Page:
Multiple prisoners’ families have told Amnesty International that sectarian discrimination is common in Jaw prison. Harassment and abuse of Shi’a inmates, who make up the majority of the prison population, tends to escalate around Shi’a religious holidays, especially during Muharram, the first month of the Islamic calendar, which includes a number of important religious dates commemorated by Shi’a in Bahrain, most importantly Ashura or the 10th of Muharram. One young man who had observed Shi’a rituals during Muharram in 2017 was put in solitary confinement months later and told by the guards that it was punishment for his religious observance. Ahmed Merza Ismaeel was physically assaulted by guards in 2017 in reprisal for Shi’a religious practice. Other prisoners have told their families of being threatened with solitary confinement or denial of family visits in order to deter them from practicing their faith. Prison guards only recognize and accept Shi’a worship on Ashura during Muharram, and prisoners are generally fearful of attempting religious observances on that day without explicit permission from the guards. At Isa Town prison, the cellmates Hajer Mansoor Hassan, Najah Ahmed Yusuf, and Medina Ali have been denied permission to join the gathering of other prisoners for Ashura, and their requests for religious texts to read from on the occasion have gone unanswered.

Amnesty International has received various reports of prisoners being denied basic items or services needed for personal health, hygiene, comfort, and dignity. At present the prisoners in building no. 2, cellblock no. 1 of Jaw prison, are not receiving adequate amounts of food. Running water in the prison bathrooms is frequently cut off. All prisoners at Jaw are currently held in their cells for 23 hours per day, and during summer 2018 the one hour outside the cells granted for yard time has been set at mid-day when the sun is hottest. Air conditioning is often shut off during the hottest summer months. Families have to pay for many necessities, including most recently bedding, through the prison commissary, at inflated prices well above market rates. This is an economic burden that can be significant for families who have already lost a breadwinner, as is the case with the family of Elyas Faisal al-Mulla, who have limited income and are in debt. Phone calls are charged to prisoners’ families, who must purchase the calling cards used from the commissary, and are closely monitored by prison guards, who either remain at the prisoner’s side during the phone call or listen in on another line. Around the beginning of 2018, guards at Isa Town prison told Fawzeya Mashaalla Haji that they would deny her access to phone calls if she told her family about her medical complaints in detention. Prisoners who do not wish to exit their cells during yard time due to the heat have also been told that their phone calls would be revoked.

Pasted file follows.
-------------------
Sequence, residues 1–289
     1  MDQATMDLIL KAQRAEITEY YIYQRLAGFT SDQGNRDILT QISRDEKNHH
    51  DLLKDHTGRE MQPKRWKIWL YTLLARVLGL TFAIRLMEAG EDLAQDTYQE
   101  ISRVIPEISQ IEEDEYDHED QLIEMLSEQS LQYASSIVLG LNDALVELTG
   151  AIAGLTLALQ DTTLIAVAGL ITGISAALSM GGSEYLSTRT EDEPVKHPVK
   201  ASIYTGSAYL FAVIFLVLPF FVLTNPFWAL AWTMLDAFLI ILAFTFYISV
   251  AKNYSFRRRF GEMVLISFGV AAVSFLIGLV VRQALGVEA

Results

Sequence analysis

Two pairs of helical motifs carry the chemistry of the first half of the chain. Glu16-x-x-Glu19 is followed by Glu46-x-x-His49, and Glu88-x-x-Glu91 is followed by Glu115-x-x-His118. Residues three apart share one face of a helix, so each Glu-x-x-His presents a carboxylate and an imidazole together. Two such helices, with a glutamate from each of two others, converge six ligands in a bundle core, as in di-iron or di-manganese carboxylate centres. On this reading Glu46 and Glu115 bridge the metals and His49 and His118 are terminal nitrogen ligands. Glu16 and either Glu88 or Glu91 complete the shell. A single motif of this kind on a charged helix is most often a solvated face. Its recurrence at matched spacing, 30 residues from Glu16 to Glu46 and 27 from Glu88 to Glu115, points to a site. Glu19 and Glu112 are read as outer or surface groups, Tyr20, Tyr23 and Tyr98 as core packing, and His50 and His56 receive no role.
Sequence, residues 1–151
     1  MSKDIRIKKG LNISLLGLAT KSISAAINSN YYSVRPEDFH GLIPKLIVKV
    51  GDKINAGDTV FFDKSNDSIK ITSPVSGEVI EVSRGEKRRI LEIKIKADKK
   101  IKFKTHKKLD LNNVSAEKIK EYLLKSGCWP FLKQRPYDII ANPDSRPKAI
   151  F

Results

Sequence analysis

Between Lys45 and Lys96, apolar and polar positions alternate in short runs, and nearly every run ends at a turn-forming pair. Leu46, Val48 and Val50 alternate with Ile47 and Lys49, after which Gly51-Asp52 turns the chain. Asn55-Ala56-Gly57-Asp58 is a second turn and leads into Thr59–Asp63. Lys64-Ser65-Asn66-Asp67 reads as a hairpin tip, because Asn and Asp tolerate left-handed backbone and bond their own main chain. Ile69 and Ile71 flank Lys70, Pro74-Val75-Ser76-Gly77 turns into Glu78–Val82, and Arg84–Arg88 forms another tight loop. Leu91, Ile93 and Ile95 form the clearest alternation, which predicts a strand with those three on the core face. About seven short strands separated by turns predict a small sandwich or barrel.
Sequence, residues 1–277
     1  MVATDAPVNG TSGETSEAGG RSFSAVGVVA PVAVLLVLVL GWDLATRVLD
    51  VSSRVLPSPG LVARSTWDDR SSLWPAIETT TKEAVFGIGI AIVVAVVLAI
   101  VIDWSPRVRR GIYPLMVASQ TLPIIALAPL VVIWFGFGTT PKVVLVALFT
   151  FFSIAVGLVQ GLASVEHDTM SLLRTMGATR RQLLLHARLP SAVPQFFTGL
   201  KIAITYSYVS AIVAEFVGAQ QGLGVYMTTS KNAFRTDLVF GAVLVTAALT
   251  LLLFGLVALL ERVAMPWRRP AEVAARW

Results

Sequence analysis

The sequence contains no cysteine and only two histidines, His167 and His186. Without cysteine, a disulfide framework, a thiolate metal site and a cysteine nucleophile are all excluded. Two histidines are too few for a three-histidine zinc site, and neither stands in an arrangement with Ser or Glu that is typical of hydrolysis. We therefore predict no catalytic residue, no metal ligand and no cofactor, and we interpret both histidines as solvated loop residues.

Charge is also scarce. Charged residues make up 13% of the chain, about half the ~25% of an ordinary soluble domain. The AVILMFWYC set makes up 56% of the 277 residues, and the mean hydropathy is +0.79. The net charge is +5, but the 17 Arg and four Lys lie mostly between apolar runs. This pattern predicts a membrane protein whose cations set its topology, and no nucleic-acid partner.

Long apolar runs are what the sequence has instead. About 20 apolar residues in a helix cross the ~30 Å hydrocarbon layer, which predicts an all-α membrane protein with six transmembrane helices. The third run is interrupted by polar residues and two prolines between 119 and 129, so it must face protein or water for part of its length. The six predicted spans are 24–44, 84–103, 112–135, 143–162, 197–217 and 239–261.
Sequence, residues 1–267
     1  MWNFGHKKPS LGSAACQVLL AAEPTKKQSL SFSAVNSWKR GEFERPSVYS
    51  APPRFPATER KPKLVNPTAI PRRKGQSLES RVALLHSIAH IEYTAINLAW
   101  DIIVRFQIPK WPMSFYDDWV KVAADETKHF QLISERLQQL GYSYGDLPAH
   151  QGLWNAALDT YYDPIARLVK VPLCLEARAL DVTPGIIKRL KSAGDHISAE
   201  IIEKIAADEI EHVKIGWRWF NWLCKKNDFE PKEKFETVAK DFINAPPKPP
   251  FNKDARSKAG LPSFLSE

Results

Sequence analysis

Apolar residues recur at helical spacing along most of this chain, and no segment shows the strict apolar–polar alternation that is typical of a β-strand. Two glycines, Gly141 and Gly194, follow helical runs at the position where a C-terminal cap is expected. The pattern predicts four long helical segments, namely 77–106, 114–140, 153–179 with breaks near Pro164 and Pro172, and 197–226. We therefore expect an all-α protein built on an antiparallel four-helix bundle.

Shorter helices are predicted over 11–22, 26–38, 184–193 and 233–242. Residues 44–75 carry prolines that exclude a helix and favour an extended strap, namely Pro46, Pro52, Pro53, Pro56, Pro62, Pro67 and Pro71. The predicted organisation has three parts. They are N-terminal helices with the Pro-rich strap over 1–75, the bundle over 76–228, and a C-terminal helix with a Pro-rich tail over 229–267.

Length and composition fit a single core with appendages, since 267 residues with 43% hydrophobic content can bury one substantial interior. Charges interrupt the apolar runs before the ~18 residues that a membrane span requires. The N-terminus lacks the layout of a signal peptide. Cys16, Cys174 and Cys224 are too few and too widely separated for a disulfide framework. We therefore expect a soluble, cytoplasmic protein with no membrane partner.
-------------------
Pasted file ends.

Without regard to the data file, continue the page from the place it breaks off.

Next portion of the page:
In 2017, the length of time granted for family visitation was cut to half an hour per visit, a period so short that – especially given the lengthy waits and sometimes invasive searches of both prisoners and family that are conducted – many prisoners now feel it is not worth burdening their families with the trouble of visiting at all. Family visitation is limited to two appointments per month, and families are usually required to go to the prison twice in person to arrange a single visit.

Ineffective Accountability Mechanisms

Bahrain has established a number of mechanisms which are supposed to address human rights concerns, including in prisons. The most significant of these are the Ombudsman for the Ministry of Interior and the National Institute for Human Rights (NIHR). Amnesty International has previously reported how these oversight bodies have failed to provide effective protection or remedy in cases of human rights violations, a trend also in evidence in their handling of medical grievances within the prison system.

Some prisoners fear speaking openly with Ombudsman staff about prison abuses due to the danger of reprisals. In one case, a prisoner was threatened with beating and solitary confinement if he spoke openly with the Ombudsman’s office about his treatment. He was later held in solitary confinement for two periods of over a week each in reprisal for his family’s attempts to pursue the matter.

The problem is not just lack of capacity to protect, however, but lack of will to take prisoners’ and families’ complaints seriously. In most of the cases Amnesty documented for this statement, prisoners or their families had filed complaints with the Ombudsman with no result. In most instances where the Ombudsman has acted – by interviewing prison authorities and/or prisoners – its follow-up has been ineffective. The family of Mohamed Ali Jaafar, for instance, had as of this writing received no news of any prison visit or other action by the Ombudsman to ensure delivery of the medication he needs to treat his multiple sclerosis. The Ombudsman’s procedures generally lack transparency. The office typically does not provide any form of paper trail to members of the Bahraini public, and when families of detainees approach the agency they are not given any formal record of filing a grievance other than, sometimes, a file number.